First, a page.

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A nation must think before it acts.
Following meetings with Ukrainian officials in Kiev early this month, the vice president of the European Commission, Maros Sefcovic, who holds the energy portfolio for the EU as a whole, laid out his vision for how the often contentious relationship between Ukraine, Russia and the EU ought to be structured. “Russia as an exporter, Ukraine as a transit country and the EU as the main importer,” he said. This pithy formulation also sums up Europe’s geo-economic approach for managing the Ukraine conflict.
Geopolitical strategies to keep the peace appear to be breaking down in Ukraine. An uptick in clashes and recriminations last month, along with yet another unannounced Russian military “snap exercise” on the Ukrainian border, raised fears that a new round of large-scale fighting was imminent. After Russian President Vladimir Putin accused the Ukrainian government of attempting to infiltrate “saboteurs” into Crimea, which Russia annexed in 2014, he announced that he would no longer meet within the framework of talks with Ukraine, France and Germany over eastern Ukraine—a diplomatic arrangement known as the Normandy format. But he did end up having bilateral meetings on Ukraine with German Chancellor Angela Merkel, French President Francois Hollande and U.S. President Barack Obama on the sidelines of the G-20 summit in Hangzhou, China. The Minsk Accords, which were supposed to provide a roadmap for a political settlement of the crisis, appear to be stuck in neutral.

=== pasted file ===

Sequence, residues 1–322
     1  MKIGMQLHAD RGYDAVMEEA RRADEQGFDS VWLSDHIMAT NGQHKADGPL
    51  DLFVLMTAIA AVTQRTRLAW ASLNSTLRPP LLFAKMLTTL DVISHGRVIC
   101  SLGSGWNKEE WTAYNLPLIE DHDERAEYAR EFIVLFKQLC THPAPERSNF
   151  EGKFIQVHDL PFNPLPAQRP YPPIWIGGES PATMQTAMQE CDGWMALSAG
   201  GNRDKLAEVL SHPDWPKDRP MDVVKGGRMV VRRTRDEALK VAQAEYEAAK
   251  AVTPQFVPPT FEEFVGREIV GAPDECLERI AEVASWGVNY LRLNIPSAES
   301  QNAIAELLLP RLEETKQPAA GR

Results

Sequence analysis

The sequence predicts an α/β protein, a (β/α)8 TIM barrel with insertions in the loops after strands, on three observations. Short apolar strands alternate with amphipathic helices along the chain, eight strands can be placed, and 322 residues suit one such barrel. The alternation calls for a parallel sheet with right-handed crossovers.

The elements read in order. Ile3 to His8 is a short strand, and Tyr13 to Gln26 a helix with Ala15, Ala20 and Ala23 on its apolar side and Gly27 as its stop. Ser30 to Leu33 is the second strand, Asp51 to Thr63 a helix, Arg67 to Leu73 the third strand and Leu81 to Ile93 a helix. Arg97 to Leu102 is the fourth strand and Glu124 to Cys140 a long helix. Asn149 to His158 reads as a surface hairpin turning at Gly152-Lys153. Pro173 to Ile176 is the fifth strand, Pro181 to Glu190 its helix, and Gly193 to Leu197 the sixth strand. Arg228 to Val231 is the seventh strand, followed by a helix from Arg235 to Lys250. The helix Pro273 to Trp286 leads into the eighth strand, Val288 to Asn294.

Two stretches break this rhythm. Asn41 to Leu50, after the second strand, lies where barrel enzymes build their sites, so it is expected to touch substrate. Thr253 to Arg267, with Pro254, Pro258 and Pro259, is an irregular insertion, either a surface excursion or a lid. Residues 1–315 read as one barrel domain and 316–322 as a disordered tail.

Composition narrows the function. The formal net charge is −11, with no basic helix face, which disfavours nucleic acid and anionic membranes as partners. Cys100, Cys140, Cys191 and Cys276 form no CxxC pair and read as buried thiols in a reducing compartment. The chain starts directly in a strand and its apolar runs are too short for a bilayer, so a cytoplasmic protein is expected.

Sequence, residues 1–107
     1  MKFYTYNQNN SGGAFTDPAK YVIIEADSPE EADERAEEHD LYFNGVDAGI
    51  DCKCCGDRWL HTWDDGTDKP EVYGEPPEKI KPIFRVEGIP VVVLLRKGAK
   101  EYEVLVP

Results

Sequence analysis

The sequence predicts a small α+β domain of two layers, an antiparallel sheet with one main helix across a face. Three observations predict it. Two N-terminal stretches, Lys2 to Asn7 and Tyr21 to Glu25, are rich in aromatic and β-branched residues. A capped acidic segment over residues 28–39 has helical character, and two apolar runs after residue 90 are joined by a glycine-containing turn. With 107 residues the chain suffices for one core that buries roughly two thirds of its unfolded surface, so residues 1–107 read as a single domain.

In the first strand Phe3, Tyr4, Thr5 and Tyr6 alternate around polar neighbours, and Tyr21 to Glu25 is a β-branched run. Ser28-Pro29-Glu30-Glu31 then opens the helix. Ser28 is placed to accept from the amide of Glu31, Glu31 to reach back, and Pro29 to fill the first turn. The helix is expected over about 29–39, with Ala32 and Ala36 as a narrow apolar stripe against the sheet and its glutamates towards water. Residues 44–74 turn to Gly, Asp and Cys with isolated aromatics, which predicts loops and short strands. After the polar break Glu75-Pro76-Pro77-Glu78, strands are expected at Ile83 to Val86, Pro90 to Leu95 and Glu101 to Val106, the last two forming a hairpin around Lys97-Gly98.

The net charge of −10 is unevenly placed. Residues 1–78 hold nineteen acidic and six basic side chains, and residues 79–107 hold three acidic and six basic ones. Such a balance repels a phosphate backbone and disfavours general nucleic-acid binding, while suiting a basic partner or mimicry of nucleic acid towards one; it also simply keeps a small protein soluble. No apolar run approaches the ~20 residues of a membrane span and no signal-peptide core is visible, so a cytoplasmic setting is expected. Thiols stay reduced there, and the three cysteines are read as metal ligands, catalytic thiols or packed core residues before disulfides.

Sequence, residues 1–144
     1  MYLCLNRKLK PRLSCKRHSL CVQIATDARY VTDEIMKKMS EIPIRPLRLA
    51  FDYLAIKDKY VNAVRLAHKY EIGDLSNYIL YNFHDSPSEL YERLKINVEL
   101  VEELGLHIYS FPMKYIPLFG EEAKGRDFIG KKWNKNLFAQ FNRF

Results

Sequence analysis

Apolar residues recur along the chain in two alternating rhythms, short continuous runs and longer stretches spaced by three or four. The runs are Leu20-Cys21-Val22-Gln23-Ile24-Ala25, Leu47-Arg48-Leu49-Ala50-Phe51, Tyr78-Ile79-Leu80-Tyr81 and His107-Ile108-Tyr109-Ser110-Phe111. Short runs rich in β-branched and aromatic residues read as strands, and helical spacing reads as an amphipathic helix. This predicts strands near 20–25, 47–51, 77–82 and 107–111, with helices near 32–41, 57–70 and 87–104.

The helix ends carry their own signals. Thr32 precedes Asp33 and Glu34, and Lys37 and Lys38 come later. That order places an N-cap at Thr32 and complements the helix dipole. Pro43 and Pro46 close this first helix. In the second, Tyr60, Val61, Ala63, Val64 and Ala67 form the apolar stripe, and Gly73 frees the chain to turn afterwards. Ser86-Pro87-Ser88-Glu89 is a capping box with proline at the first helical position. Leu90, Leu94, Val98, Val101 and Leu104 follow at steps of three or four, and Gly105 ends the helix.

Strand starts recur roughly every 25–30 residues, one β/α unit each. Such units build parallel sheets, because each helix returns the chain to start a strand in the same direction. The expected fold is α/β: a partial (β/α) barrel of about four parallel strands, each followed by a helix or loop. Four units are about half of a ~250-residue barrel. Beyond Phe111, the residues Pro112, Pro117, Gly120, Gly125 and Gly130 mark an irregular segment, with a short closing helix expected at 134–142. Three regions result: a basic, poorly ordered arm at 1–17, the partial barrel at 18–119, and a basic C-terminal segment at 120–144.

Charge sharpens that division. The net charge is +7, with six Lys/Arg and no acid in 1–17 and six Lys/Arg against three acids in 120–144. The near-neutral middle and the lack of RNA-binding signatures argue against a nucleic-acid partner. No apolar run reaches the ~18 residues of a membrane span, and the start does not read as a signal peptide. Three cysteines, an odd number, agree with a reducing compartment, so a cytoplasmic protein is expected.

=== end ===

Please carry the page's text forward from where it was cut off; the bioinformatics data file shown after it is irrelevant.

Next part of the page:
Yet the conflict has remained limited in scope. While Western sanctions on Russia have had an unwelcome impact, they do not appear to be the primary deterrent to further Russian action. Instead, some European countries conclude that what keeps the conflict under control and relatively frozen are geo-economic realities.
Despite some degree of diversification, approximately half of Russia’s natural gas exports to Europe still flow through Ukraine. In turn, Ukraine depends on that gas flow for revenue, for its own domestic consumption—even if now it is resold and sent back from European sources—and for making Ukraine relevant to European energy security. This ties Ukraine and Russia together in a web of mutual dependence that acts as a brake on escalation.
Continued Reading, “How the EU Can Use Russia Energy Ties to Keep Ukraine Tensions in Check.”